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Dr. Joanne Meier

Along with her background as a professor, researcher, writer, and teacher, Joanne Meier is a mom. Join Joanne every week as she shares her experiences raising her own young readers, and guides parents and teachers on the best practices in reading.

Some advice for those about to start kindergarten

August 12, 2009

Well, really this advice is for FAMILIES whose first-born child is about to start kindergarten. Two of my close friends fall into this category, and have been talking to me about their transitions. It's a big one! Some of the advice I've shared is below:

Kindergarten, at least at a public school, is not preschool. There will probably be more kids in the room, and at least at the beginning, the teacher will be really busy learning names and getting bus numbers committed to memory. Don't despair if you don't have tons of close contact with the teacher right away. He or she is incredibly busy helping kids get adjusted.

Second, there are LOADS of papers that come home the first day, really the whole first week. As a parent, take the time to sift through it all and return those that require returning. Your teacher will be keeping a checklist of papers returned — make sure all the papers get back! Most schools use a special folder or other system for important papers. Make a backpack check part of every day.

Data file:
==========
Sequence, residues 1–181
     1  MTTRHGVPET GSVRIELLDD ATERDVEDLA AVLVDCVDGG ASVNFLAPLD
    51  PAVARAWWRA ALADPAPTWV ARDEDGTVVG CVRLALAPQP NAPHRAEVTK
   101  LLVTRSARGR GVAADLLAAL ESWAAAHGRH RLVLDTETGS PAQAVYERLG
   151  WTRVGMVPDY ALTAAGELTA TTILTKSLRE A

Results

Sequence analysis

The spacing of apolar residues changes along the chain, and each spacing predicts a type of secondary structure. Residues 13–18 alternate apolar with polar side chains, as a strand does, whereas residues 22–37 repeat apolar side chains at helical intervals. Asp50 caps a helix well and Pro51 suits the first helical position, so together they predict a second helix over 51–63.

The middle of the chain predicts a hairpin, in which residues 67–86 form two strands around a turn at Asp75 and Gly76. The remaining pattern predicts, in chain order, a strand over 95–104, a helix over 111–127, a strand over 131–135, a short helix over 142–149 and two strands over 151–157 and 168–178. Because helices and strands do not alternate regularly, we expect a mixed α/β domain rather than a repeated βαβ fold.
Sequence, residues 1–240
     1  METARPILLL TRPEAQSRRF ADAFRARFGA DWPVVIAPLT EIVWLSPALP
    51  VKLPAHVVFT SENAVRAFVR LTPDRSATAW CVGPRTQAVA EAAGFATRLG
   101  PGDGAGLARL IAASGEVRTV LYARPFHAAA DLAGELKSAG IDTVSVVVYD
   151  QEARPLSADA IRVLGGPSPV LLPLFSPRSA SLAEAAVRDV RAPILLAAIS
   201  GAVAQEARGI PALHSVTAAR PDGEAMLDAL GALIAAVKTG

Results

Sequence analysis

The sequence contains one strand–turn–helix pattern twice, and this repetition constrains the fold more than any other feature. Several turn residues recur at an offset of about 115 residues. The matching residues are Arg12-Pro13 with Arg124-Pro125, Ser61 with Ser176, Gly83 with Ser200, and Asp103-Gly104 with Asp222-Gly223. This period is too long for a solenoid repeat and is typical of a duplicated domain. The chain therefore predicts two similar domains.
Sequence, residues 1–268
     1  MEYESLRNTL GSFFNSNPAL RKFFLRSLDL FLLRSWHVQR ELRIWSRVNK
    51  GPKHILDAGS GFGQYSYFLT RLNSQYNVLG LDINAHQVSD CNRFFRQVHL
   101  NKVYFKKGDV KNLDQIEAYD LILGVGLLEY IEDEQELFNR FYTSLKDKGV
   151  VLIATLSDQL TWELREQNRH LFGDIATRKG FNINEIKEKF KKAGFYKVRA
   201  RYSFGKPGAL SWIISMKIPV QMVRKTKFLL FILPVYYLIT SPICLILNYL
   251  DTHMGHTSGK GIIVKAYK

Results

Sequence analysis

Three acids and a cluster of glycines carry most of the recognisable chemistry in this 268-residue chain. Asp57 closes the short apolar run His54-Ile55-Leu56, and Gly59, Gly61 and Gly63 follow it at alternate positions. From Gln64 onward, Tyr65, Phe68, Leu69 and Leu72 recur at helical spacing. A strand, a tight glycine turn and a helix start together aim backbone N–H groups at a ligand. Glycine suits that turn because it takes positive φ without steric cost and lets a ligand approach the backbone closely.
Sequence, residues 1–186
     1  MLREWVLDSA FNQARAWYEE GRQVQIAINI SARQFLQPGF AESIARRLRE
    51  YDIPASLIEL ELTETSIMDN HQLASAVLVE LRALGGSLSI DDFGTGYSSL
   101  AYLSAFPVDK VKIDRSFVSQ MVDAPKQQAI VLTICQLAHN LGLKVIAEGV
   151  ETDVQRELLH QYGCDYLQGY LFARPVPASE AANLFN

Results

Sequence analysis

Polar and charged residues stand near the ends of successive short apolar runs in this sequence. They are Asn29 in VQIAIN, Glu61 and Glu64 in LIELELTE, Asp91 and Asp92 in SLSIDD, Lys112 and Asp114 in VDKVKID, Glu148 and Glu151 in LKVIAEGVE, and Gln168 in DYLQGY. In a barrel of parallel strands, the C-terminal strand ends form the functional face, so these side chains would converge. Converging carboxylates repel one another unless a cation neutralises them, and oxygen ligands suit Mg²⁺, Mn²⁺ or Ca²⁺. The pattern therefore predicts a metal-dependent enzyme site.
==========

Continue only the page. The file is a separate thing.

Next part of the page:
Third, although you're hoping for a full recounting of the first day (or week) of school, don't be surprised if your child doesn't blurt it all out right off the bus. Your child will surely be exhausted and overwhelmed from all the new "stuff." I've found that my girls talk more easily when they're distracted: by helping me prepare dinner, pull weeds, or fold the laundry. Those often become our closest moments of the day. Also, it helps when I remember to frame my questions in ways that can't be answered yes/no!

Fourth, plan to get involved. Your teacher may not want volunteers right away, but when things settle down, try to get in to volunteer. It's a great way to make sense of things you hear at home. "Oh! There's the beehive you told me about!" You can also meet your child's classmates and become a part of the school. If you're busy during the day, see if there are things you can do from home. Cutting out shapes and helping prepare big projects is hugely helpful.

Last, you know your child. If he or she has special learning needs, make sure your teacher knows about them right away. If your child seems really distraught or frightened about school, or comes home telling a story that makes you nervous, call your teacher. I wouldn't let anything linger that I wasn't comfortable with.

Sending your first-born off to kindergarten is an exciting and scary time. I'm sure other parents and teachers have good advice too. Anything you want to add to my list? Comment away!

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"Once you learn to read, you will be forever free." — Frederick Douglass